Efficacy of Early Intervention Program for Children with Cleft Lip and Palate: A Case Study

Kavya Vijayan


Cleft of lip and palate (CLP) is one of the most common deformities seen among children in India. It has been recognized that, in addition to speech impairments such as limited sound inventory, hypernasality, reduced speech intelligibility and compensatory articulation, expressive language delay is also a common feature in children with CLP. Various early intervention models have been put forward over the years and the treatment approaches vary across clinicians. The present study aims to investigate the effectiveness of parent-implemented focused linguistic stimulation approach for a toddler with CLP. A toddler aged 2.6 years who was diagnosed to have Expressive Language Delay secondary to repaired cleft of palate served as the participant for the study. The child had normal cognitive and auditory abilities. While commencing the method, a detailed evaluation was carried out to establish the baseline of the child. This was followed by a total number of 30 therapy sessions lasting 45 minutes each, wherein focused stimulation approach was demonstrated to the mother. The child’s progress was documented with audio-video recording every 10 sessions. The parameters assessed were percentage of vowels, percentage of consonants, percentage of proto words and true words in the child’s inventory. A single subject time series design was used in order to monitor the changes across the therapeutic sessions. As for the outcomes, the results indicated that there was a significant improvement in the quantity of speech sounds and true words. This provides credibility to the fact that regular intervention using focused stimulation approach is an effective way of expanding the child’s inventory in terms of vowels, consonants and vocabulary for children with CLP. The present study highlights the need of implementing the early language intervention program for young toddlers with CLP and also the effectiveness of involving mother/parent in carrying out the program.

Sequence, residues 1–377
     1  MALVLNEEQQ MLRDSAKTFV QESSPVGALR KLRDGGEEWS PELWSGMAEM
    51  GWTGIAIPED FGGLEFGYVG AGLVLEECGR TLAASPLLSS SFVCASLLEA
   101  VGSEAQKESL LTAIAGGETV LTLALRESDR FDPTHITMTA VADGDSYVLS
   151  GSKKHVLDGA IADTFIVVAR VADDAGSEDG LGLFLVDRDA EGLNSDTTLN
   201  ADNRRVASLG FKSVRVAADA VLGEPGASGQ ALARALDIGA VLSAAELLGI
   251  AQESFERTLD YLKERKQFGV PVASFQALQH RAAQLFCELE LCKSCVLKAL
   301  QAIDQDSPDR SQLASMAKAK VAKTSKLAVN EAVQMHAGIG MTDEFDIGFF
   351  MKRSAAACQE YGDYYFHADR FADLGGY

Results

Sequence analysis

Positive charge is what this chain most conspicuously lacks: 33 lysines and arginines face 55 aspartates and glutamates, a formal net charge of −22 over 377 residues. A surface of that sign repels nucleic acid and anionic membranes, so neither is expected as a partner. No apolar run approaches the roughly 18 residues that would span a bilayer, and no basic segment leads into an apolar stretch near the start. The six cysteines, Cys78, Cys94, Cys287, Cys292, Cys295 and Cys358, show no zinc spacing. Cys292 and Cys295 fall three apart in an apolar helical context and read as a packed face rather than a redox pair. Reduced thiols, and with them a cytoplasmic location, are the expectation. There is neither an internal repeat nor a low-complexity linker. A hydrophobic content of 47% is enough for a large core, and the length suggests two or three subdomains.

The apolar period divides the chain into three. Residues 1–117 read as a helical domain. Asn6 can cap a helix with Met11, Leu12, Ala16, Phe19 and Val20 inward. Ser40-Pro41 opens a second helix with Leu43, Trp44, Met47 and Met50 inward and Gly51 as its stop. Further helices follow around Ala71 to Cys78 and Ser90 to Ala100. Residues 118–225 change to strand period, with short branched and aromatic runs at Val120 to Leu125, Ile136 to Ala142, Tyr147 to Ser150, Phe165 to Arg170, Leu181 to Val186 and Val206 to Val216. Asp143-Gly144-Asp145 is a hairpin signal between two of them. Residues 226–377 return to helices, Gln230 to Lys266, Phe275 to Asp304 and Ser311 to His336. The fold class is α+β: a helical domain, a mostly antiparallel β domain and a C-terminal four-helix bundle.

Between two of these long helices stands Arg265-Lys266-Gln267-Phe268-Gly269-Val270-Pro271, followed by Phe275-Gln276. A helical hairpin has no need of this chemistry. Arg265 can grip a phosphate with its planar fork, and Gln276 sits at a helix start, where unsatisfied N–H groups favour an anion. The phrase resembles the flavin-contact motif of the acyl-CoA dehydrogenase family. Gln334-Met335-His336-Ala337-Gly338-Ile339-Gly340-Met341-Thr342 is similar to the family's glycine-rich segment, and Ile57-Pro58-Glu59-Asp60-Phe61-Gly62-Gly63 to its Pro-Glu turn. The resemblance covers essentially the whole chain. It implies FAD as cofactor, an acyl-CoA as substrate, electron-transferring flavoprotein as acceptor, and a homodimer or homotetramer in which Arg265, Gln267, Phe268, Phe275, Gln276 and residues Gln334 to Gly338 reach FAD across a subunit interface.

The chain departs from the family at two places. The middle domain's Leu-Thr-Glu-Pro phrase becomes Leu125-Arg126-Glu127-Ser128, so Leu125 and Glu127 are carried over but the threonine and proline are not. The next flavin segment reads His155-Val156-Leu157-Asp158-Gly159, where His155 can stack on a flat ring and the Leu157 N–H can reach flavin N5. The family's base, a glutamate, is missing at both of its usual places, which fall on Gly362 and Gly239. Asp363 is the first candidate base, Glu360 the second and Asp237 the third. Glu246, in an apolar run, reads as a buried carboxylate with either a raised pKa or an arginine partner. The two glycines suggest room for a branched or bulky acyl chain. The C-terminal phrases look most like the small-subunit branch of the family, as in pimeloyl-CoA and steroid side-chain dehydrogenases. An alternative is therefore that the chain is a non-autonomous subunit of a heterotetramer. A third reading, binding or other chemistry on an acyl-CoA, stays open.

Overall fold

Focused stimulation; early intervention; expressive language delay; sound inventory; vocabulary.

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